Theological Precision

Have you ever noticed we demand precision from everyone except the preacher and theologian? We want precision from our surgeon, our barber or hairdresser, musicians, cooks, drivers etc., but allow imprecision in the pulpit.

A few years ago we had ordered cabinets for the bathroom in our house here in Costa Rica. We had commissioned a man named Marcos to build these cabinets for us. As my helper and I were installing the cabinets, we found they were out of square. Since we were complaining about the problem as we tried to find a way to cover the difficulty, my wife, Vickie, came in to see what was going on. When we told her the cabinets were not square, she said, “But Marcos is so sweet.” To this my helper replied, “He might be sweet, but its still not square.”

How often have I heard someone remark about a certain Pastor or Evangelist, “His theology might not be quite right, but he is so sweet, or he is so loving, or he has such a passion for the lost,” as if that excused his lack of theological precision. To this we could reply, He might be sweet, but its still not square.

I am sure I will, from time to time, make statements that are confusing or even misleading. None of us communicates perfectly. It is for this reason we offer opportunity for comments or questions about our posts. It is my desire that everyone understand precisely what I am trying to communicate. This is why I like the idea that we should restate our opponent’s position to his satisfaction before attempting to answer it. That means we will say something like, Are you saying. . . ? Instead of, You are saying. . . . In other words, let me tell you what I am saying rather than you telling me what I am saying.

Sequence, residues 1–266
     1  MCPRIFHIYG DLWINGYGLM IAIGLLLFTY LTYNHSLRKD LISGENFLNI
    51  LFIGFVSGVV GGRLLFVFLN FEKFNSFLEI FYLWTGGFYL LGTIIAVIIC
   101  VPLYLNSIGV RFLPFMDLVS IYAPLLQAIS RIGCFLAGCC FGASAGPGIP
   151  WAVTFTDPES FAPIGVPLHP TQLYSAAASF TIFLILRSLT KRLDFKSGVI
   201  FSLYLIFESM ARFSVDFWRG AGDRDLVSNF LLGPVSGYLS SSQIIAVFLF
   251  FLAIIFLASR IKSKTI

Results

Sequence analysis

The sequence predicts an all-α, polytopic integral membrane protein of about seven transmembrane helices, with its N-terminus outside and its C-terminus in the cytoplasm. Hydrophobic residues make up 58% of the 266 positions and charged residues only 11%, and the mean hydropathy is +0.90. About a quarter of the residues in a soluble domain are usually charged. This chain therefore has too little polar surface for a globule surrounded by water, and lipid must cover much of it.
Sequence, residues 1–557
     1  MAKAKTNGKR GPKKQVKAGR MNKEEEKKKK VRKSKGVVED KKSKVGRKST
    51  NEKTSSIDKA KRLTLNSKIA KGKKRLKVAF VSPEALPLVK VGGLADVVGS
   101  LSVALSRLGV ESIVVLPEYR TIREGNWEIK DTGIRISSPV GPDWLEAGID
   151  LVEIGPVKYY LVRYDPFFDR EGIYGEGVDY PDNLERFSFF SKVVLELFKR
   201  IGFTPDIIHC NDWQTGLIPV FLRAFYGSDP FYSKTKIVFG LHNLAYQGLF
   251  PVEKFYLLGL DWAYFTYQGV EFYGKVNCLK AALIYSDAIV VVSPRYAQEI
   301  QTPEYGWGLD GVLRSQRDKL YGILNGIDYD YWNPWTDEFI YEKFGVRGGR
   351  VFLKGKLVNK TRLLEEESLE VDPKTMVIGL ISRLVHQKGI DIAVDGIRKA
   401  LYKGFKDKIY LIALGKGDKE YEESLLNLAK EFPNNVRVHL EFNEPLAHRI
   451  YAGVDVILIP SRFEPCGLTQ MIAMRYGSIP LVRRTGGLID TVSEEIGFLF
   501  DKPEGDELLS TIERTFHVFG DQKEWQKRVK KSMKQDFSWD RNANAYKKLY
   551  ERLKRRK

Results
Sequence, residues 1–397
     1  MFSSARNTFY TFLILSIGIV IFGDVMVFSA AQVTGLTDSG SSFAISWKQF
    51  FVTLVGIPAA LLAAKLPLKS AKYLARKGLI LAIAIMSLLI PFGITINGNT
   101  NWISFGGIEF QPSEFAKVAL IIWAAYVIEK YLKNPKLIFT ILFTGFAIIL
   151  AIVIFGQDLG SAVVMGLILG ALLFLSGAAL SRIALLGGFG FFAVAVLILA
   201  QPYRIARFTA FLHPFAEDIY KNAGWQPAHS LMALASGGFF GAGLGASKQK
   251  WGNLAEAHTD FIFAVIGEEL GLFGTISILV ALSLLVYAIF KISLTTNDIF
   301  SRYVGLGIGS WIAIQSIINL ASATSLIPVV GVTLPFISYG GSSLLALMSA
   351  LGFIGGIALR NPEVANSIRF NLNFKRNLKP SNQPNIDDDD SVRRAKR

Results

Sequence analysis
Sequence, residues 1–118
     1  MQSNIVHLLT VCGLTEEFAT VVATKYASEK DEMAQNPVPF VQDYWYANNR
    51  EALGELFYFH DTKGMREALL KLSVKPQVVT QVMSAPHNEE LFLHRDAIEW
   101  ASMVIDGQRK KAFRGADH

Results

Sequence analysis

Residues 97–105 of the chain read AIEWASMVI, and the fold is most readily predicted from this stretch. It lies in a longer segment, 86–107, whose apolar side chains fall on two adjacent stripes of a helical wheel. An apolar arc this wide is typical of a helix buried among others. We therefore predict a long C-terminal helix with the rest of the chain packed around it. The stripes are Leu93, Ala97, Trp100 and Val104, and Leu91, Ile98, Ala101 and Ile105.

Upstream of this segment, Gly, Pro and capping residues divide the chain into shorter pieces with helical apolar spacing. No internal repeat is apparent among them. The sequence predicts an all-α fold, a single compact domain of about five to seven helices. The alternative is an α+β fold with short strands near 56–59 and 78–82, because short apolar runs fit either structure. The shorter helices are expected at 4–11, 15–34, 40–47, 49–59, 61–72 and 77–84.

I would like to encourage everyone who writes about the gospel in all of its ramifications to write or speak as precisely as possible. If we are writing about justification, let’s use the term justification, not salvation since justification is a more precise term. We are not talking about a bad haircut here, or a meal that is too salty; we are talking about God’s good news.


3 Responses to “Theological Precision”

  1. January 28, 2013 at 2:20 pm

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